The Shape of Winter

February 18, 2014 § Leave a comment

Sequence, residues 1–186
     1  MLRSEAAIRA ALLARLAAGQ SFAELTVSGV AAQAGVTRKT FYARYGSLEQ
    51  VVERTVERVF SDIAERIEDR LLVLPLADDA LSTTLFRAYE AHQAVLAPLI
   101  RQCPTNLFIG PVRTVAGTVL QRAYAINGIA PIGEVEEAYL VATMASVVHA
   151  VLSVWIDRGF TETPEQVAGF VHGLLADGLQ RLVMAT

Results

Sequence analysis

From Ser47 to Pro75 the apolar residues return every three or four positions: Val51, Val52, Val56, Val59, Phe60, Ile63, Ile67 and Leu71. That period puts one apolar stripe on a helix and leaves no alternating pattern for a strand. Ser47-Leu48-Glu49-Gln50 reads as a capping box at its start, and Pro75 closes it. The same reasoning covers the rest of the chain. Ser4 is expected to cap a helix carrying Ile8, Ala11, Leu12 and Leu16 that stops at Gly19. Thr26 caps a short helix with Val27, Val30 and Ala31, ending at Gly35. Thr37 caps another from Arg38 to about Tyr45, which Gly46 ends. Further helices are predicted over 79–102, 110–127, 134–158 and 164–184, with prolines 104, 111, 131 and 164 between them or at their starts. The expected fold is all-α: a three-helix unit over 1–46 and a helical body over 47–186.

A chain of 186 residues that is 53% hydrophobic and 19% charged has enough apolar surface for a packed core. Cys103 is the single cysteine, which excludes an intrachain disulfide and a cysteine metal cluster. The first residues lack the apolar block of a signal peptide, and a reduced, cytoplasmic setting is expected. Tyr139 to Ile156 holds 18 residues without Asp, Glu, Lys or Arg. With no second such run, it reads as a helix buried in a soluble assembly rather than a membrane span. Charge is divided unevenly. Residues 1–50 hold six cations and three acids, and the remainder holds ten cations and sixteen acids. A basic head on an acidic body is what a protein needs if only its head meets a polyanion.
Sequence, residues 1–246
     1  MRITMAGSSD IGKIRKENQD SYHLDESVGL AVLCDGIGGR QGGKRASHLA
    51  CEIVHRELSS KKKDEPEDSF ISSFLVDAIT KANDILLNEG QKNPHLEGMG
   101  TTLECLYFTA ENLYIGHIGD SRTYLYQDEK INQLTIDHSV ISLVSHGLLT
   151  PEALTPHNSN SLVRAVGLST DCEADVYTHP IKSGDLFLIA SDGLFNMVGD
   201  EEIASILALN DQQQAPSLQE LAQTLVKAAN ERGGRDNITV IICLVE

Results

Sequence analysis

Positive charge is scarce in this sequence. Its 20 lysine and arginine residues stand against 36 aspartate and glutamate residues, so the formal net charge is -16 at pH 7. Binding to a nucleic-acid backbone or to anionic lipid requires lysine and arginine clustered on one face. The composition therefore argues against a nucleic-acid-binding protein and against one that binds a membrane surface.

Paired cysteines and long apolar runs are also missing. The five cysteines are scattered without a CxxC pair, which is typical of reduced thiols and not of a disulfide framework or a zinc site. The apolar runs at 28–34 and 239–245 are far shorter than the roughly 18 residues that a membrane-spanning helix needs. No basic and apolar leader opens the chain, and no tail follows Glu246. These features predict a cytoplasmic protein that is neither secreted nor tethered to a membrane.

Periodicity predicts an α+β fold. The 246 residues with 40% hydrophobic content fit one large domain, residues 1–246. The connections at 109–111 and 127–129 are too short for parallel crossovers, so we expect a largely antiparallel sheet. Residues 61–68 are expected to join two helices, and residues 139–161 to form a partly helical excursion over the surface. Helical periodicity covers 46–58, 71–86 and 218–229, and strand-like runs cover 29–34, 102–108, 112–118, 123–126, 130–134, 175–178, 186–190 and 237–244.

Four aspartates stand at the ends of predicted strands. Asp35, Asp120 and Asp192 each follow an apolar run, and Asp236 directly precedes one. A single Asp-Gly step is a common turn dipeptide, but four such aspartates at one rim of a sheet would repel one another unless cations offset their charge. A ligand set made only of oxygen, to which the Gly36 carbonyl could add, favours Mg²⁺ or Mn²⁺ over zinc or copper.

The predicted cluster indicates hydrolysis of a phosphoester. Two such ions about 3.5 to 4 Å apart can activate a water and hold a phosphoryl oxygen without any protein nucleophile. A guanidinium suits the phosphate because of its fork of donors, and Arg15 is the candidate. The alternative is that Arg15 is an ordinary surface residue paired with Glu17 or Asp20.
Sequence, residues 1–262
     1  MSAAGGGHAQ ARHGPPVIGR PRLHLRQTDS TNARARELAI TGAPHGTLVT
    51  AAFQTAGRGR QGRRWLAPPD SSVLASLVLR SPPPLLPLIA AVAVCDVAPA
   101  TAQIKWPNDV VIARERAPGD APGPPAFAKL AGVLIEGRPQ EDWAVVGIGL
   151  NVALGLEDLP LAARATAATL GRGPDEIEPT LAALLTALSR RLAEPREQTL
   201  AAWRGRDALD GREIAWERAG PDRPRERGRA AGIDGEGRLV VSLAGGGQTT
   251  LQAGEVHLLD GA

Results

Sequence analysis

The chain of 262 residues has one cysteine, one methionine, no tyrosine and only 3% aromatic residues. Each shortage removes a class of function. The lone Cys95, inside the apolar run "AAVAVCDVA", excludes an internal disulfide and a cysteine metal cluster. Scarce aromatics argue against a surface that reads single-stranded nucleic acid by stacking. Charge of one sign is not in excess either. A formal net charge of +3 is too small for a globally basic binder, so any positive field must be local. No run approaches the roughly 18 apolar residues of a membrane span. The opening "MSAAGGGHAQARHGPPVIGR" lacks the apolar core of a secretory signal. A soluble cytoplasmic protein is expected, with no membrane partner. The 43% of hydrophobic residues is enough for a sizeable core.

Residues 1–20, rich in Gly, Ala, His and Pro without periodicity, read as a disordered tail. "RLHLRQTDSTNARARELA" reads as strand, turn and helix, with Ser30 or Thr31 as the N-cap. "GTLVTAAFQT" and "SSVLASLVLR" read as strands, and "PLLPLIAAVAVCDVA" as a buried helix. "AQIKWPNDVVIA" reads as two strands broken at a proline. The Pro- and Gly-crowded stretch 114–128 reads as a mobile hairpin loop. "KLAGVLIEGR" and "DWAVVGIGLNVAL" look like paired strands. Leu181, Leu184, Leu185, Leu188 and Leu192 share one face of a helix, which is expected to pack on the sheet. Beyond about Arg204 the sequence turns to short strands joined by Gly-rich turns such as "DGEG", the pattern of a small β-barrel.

The shape of winter in a city takes its fluidity and form from a hundred subtle cues.  Slanting lines of snow are abruptly bisected by the appearance of roof and wall.  The maintenance men are motion and darkness in their tough winter coats and beards shivered with frost, their machines flinging out the snow in arching parabolas that pull the eyes and spirit higher, breaking the hypnotizing fall that is the tell of winter.  After the storms have begun to whirl, they will turn the black city fences with their spiky posts into tracings of angle and bar, mounded at their tops in mimicry of the gray sky above them.  Thick crystal icicles drip in winter’s direction, downward past the glass fronts of coffee shops and convenient stores, uncoupling the blocks of writing on their windows until one reads unfortunate and vaguely Latin phrases: “SPECI S TO Y CLAM C WDE” and “LOTT Y TI ETS H RE”.  The space and design of the city takes on a meaning of new importance, as the snow piles higher and wider, and forces the inhabitants into unheard-of proximity; a quickstep shuffle past a confluence of unsavory loiterers will suddenly skirt the edge of an embarrassing skid on ice or a fall into ridged and dirty snow. Out past the city limits, where one can find a frozen stream cutting through any copse of trees, the rhythmic slash of blades on ice shines as a deeper counterpart to the skaters’ motion.  The little boys tumble and run, darting in and out and frustrating the little girls, who prefer to add their foundation blocks to winter in the shapes of twirls and shy attempts at womanly grace.  The older boys and girls have often found themselves racing the moon, hand in hand and rosy-cheeked more with love than cold, surfacing at the night’s end as if from underwater, with an especial awareness of the air around them.  If one were able to hover in the sky high above the city and the skaters, their reward for such a reckless and daring maneuver in the heart of winter would be found in the joyful view of civilization and repetition: the city alive, pulsing with warmth and movement, its bulk highlighting the line of the white river that is displayed again in the curve of the children skating along in a row and once again in the flutter of colored scarves streaming out behind them, giving one a sense of nature collapsing slowly into miniature.  Back down upon the sidewalk, the light and shadow that so often play a part in the art of the city disappear beneath a leaden sky as another flurrying storm begins.  When the air is white with falling snow and moving through it is a challenge to something deeper than motion, the architecture of winter is displayed, drawing the heart ever onward, seeking in human nature’s contrary way the ability to rise again.

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